Surface treatment

Published:  14 October, 2010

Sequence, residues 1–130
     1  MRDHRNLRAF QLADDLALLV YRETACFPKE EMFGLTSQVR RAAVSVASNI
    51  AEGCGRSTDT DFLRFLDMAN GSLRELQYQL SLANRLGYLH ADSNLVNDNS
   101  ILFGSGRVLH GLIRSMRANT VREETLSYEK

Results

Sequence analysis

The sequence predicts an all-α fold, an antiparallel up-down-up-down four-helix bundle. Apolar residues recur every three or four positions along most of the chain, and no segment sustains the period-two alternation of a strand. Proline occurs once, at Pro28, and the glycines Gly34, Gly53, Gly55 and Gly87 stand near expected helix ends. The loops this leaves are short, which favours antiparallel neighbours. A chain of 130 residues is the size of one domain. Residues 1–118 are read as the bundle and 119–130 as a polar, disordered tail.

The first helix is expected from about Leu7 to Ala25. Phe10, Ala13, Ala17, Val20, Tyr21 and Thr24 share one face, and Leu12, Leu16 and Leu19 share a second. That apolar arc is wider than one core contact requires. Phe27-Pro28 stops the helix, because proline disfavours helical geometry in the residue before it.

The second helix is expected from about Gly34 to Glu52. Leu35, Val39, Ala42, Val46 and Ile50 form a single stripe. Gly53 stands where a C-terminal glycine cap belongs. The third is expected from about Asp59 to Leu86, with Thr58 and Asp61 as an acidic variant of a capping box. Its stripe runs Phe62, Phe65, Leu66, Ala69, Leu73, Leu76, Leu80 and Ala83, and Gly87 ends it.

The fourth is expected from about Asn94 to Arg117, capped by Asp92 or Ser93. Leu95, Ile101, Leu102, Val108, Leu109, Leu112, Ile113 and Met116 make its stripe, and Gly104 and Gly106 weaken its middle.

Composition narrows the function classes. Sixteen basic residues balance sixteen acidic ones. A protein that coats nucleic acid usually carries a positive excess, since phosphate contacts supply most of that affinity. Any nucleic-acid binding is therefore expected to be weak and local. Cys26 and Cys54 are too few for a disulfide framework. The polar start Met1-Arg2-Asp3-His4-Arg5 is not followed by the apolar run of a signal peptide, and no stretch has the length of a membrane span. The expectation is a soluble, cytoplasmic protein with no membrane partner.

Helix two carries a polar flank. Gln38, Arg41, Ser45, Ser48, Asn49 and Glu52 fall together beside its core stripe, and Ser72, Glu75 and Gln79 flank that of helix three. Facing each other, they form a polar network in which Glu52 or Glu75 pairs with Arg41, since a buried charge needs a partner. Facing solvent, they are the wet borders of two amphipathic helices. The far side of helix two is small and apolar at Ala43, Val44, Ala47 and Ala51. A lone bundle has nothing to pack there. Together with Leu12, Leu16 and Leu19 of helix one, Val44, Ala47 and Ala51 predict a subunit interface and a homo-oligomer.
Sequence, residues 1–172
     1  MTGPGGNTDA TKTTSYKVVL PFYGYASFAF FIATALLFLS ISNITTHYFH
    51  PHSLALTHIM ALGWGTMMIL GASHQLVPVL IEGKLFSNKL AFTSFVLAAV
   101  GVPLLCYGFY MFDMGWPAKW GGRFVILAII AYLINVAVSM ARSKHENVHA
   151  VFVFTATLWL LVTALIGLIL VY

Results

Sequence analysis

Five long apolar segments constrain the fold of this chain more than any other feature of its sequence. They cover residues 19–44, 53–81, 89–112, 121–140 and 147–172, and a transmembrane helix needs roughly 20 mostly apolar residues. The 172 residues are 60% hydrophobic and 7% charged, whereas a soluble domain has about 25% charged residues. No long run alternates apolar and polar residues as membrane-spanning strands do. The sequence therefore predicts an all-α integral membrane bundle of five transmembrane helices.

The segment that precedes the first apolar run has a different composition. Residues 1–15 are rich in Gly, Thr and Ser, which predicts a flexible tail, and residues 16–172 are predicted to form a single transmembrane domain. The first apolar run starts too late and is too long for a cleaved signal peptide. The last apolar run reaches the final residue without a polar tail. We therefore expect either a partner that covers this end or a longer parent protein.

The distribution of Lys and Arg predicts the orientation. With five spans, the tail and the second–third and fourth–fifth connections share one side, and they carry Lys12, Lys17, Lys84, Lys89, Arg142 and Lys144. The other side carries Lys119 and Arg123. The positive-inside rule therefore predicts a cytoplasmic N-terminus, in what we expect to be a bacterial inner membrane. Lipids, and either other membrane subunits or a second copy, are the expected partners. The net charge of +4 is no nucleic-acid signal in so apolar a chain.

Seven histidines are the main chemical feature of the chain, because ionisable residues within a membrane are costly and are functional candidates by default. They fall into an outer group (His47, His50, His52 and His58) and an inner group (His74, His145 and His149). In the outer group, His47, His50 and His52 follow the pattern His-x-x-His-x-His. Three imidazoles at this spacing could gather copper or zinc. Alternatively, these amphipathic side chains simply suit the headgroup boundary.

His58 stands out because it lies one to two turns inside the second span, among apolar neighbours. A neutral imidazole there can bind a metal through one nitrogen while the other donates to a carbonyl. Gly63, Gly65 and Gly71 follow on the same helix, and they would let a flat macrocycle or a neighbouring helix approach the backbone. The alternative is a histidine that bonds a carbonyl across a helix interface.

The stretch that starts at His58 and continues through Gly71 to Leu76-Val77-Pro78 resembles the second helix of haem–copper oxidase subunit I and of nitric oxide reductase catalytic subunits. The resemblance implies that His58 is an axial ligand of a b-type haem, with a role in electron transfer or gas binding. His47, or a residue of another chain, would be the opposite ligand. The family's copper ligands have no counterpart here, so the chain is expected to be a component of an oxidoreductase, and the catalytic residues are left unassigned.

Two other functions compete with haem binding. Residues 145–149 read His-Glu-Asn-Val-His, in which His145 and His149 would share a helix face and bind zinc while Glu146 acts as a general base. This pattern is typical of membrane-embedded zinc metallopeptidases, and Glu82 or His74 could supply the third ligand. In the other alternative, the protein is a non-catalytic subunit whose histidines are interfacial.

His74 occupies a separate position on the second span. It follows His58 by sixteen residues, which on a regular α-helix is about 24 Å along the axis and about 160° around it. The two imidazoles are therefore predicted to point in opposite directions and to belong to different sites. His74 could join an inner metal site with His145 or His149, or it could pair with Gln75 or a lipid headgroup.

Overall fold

Standfirst: Very Narrow Aisle (VNA) systems can significantly improve efficiencies and productivity within any warehouse or distribution centre operation. However, when designing a VNA system, it is not unusual for insufficient attention to be paid to the specification of the warehouse floor and this can have a dramatic impact on the overall performance of the equipment, says Steve Richmond, general manager of Jungheinrich UK Ltd’s Systems & Projects Division. PWE reports. If a Very Narrow Aisle (VNA) storage system is failing to reach optimum levels of efficiency the user’s first reaction is, generally, to assume that the trucks are underperforming. In most instances, however, this is not the case: more often than not the fault does not lie with the equipment but the surface it is operating on. “The floor is the point at which the warehouse building and the truck interact and quite simply, a poor floor will result in poor VNA performance”, says Steve Richmond, general manager of Jungheinrich UK Ltd’s Systems & Projects Division. Steve Richmond believes that the design, specification and final finish of the warehouse floor is absolutely critical to the optimised operation of VNA trucks. And, he contends, with truck manufacturers pushing the physical design of the equipment close to maximum efficiency, the performance of the floor will come under ever greater scrutiny. He says: “You can invest in the best forklift trucks and materials handling equipment on the market, but if your warehouse floor resembles a ploughed field, the trucks will never be able to operate at their top speeds or optimum efficiency - think of it as driving a Ferrari down a cobbled street,” Whether faced with a new building where the floor has been laid to a particular specification or an existing site that is to be modified to accommodate a VNA application, a warehouse’s floor will present different challenges – although, generally, most problems occur within older buildings. When installing VNA systems, the responsibility for specifying the level of the floor finish required lies with the truck manufacturer and there are accepted industry standards that lay down the specification, which the flooring should meet. The responsibility for achieving this specification lies with the flooring contractor. The relationship between the flooring contractor and the materials handling supplier is therefore critical and so, to ensure that everyone is working towards the same goal, a floor survey is always highly recommended. The survey will highlight any remedial works that might be required – as well as the extent of the works and should be used as a basis for all parties to assess the condition of the surface and its likely impact on the operation of VNA equipment. From the outset, it is important to realise that floor flatness and floor level are two different things and their respective effects on the operation of a truck are totally different. According to TR34, the Technical report from the Concrete Society, flatness relates to the “bumpiness” of the floor and general stability in operation of the truck. Floor level relates to the building as a whole and has to be right to ensure that both static and mobile equipment can perform satisfactorily together. Richmond comments: “Effects from the floor, can cause trucks to move from side to side or in a front to back ‘nodding’ motion as they travel along the length of the aisle. In some scenarios the movement of the trucks may be so significant that there is a potential for them to come into contact with the rack structure.” He adds: “Meanwhile even relatively small differences in the floor level within a racking aisle can have a significant impact when the truck is operating at heights often in excess of 15 metres. The higher the mast height, the more pronounced the ‘lean’ from uneven floors and the greater the potential problem.” While it is clear that there a number of important factors to be taken into account in this area, the good news is that anyone considering a VNA system should not be put off by the condition of their warehouse floor: in most cases, solutions are available to ensure that the floor can be made fit for purpose, as Richmond explains: “Options include full aisle grinding, or local grinding where problematic areas are easy to identify. But, it is crucial that you engage a company that is competent in all aspects of the solution - from the initial survey to implementing the works.” Of course, just as the floor impacts on the capabilities of the truck, the truck will impact on the condition of the floor. In new buildings cracks often appear in the floor as a result of natural shrinkage of the concrete during the drying out process. However these cracks will worsen over time as heavy trucks run over them. In addition, the location of floor joints can effect the operation - although in new buildings these can often be designed into the system if the truck manufacturer is consulted at an early enough stage in the process. Needless to say, as a floor deteriorates, the performance of the materials handling equipment working on it may also suffer. “Because the floor forms the platform for the materials handling operation and is, therefore, critical to the smooth running of the process, it is often difficult to understand why floor maintenance is sometimes overlooked within a warehouse”, says Richmond. Richmond continues: “Some warehouse operators specify a coating for their floors. A wide variety of products are available so choosing the coating that’s right for your facility can be difficult. Apart from cosmetically enhancing a store, a floor coating will – to a degree - prevent dust build-up. But coated floors can also bring about a build up of static, which can, in turn, lead to forklift problems - especially with electrical and electronic components. There are a number of ways to combat this effect, such as fitting ‘anti static’ discharge devices to the trucks, but it is always advisable to discuss all aspects of the floor with the truck manufacturer before making a decision on the solution that best suits your company’s needs.” The construction method used when laying a floor will also have an impact on a VNA system – particularly where wire guidance systems are installed into the floor to guide narrow aisle trucks within the aisles Where high levels of steel are incorporated into the design of the floor it is possible that the signal from the guidance system may be effected and this should be considered at the early stages of the design process. Richmond concludes: “VNA systems can offer significant improvements in performance and efficiency of a warehouse or distribution operation. However, because the warehouse floor can have such a significant impact on the operation of the trucks and indeed the overall facility, it is important to assess the design of the floor at the early stages so that the operational design of the system can be optimised. But, it should also be remembered, that if a survey shows that a floor is not suited for its proposed use there are a host of options available to upgrade the surface in order to achieve the necessary tolerances.” For further information please visit: www.jungheinrich.co.uk